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  • UMTRI-2008-37 JUNE 2008

    BUS OPERATOR TYPES AND DRIVER FACTORS IN FATAL BUS CRASHES:

    RESULTS FROM THE BUSES INVOLVED IN FATAL ACCIDENTS SURVEY

    DANIEL BLOWER PAUL E. GREEN

    ANNE MATTESON

  • UMTRI 2008-37

    Bus Operator Types and Driver Factors in Fatal Bus Crashes:

    Results from the Buses Involved in Fatal Accidents Survey

    Daniel Blower Paul E. Green Anne Matteson

    Prepared for: Federal Motor Carrier Safety Administration

    DTMC75-06-H-00003 Task C

    June 2008

    Center for National Truck and Bus Statistics University of Michigan Transportation Research Institute

    2901 Baxter Road Ann Arbor Michigan 48109-2150

  • ii

  • iii

    Technical Report Documentation Page

    1. Report No.

    UMTRI-2008-37 2. Government Accessio0n No. 3. Recipient's Catalog No.

    5. Report Date

    June 2008 4. Title and Subtitle

    Bus Operator Types and Driver Factors in Fatal Bus Crashes: Results from the Buses Involved in Fatal Accidents Survey 6. Performing Organization Code

    7. Authors

    Daniel Blower, Paul E. Green, Anne Matteson 8. Performing Organization Report No.

    UMTRI-2008-37 10. Work Unit No. 9. Performing Organization Name and Address

    Transportation Research Institute 2901 Baxter Road University of Michigan Ann Arbor, Michigan 48109-2150

    11. Contract or Grant No.

    DTMC75-06-H-00003

    13. Type of Report and Period Covered

    Special Report, Task C 12. Sponsoring Agency Name and Address

    Federal Motor Carrier Safety Administration U.S. Department of Transportation 1200 New Jersey Avenue SE Washington, D.C. 20590

    14. Sponsoring Agency Code

    15. Supplementary Notes

    16. Abstract

    The Transportation Safety Analysis Division at the University of Michigan Transportation Research Institute (UMTRI) initiated the Buses Involved in Fatal Accidents (BIFA) project in 2000 to collect more detailed information about buses involved in fatal crashes. The BIFA project is supported by the Federal Motor Carrier Safety Administration.

    Previous work using BIFA data showed significant differences between different bus operations in terms of crash types, when and where the crashes occurred, the incidence of bus driver error, and previous driver record of the drivers.

    Using BIFA data for 1999-2005, the present study focuses on factors associated with driver errors in fatal bus crashes involving different bus operator types. Five different carrier types are identified: School, transit, intercity, charter/tour, and other bus operators. There are substantial differences between these carrier types that are reflected in rates of bus driver errors in crashes and in the previous driving record of the bus drivers.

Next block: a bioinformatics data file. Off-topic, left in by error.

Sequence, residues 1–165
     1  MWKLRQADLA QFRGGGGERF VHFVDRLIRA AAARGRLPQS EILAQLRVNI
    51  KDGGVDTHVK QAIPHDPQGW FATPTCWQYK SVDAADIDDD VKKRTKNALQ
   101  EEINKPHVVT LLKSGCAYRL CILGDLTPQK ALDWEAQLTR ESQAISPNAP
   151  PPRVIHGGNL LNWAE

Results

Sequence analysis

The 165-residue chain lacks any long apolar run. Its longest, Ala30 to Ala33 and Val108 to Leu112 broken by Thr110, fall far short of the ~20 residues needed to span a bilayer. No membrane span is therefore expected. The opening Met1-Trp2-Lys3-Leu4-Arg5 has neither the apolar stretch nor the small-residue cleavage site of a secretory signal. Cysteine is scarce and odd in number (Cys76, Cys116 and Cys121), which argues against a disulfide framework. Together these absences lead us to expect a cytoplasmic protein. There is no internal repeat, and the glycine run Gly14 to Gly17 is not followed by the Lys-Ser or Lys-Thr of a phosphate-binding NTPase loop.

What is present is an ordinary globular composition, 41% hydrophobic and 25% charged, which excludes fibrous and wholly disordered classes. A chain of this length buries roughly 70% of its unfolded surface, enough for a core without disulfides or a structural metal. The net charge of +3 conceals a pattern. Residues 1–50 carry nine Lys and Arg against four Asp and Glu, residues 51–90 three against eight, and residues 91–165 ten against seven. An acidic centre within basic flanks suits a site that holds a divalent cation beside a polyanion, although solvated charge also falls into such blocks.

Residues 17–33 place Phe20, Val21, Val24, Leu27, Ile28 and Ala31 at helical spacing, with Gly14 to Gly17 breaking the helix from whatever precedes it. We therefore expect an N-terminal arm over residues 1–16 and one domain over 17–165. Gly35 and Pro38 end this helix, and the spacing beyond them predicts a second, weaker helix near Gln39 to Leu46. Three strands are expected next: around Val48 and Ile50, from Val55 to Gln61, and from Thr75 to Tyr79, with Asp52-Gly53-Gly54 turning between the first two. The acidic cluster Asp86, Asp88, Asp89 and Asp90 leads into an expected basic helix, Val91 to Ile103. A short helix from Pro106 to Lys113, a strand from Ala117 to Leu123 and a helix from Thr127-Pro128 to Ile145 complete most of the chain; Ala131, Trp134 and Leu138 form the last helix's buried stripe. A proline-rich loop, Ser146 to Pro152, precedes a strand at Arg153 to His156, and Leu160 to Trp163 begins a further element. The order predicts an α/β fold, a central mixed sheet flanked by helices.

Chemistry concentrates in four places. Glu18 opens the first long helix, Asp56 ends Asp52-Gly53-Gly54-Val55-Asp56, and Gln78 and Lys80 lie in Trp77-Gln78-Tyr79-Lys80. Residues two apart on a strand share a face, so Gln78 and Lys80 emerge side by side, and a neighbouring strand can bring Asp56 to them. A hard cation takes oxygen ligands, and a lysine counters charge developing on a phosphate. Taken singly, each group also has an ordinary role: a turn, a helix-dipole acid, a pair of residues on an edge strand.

Many factors are identified that are associated with driver error, including bus operation type, age, sex, hours driving, trip type, method of compensation, and previous driving record. A logistic regression model was used to model the probability of driver error. Bus operation type, previous violations, and previous crashes were significant parameters in the model. The other factors were not significant. 17. Key Words

    Bus, motor carrier type, fatal crashes, driver factors

    18. Distribution Statement

    Unlimited

    19. Security Classification (of this report)

    Unclassified 20. Security Classification (of this page)

    Unclassified 21. No. of Pages

    27 22. Price

    Reproduction of completed page authorized

  • iv

    SI* (MODERN METRIC) CONVERSION FACTORS APPROXIMATE CONVERSIONS TO SI UNITS APPROXIMATE CONVERSIONS FROM SI UNITS

    Symbol When You Know Multiply By To Find Symbol Symbol When You Know Multiply By To Find Symbol

    LENGTH LENGTH in

    Inches 25.4 millimeters mm mm millimeters 0.039 inches in

    ft Feet 0.305 meters m m meters 3.28 feet ft yd yards 0.914 meters m m meters 1.09 yards yd mi miles 1.61 kilometers km km kilometers 0.621 miles mi

    AREA AREA in2 square inches 645.2 square millimeters mm2 mm2 square millimeters 0.0016 square inches in2 ft2 square feet 0.093 square meters m2 2 m square meters 10.764 square feet ft2 yd2 square yards 0.836 square meters m2 2 m square meters 1.195 square yards yd2 ac acres 0.405 hectares ha ha hectares 2.47 acres ac mi2 square miles 2.59 square kilometers km2 km2 square kilometers 0.386 square miles mi2

    VOLUME VOLUME fl oz fluid ounces 29.57 milliliters mL rnL milliliters 0.034 fluid ounces fl oz gal gallons 3.785 liters L L liters 0.264 gallons gal ft3 cubic feet 0.028 cubic meters m3 3 m cubic meters 35.71 cubic feet ft3 yd3 cubic yards 0.765 cubic meters m3 3 m cubic meters 1.307 cubic yards yd3 NOTE: Volumes greater than 1000 L shall be shown in m3.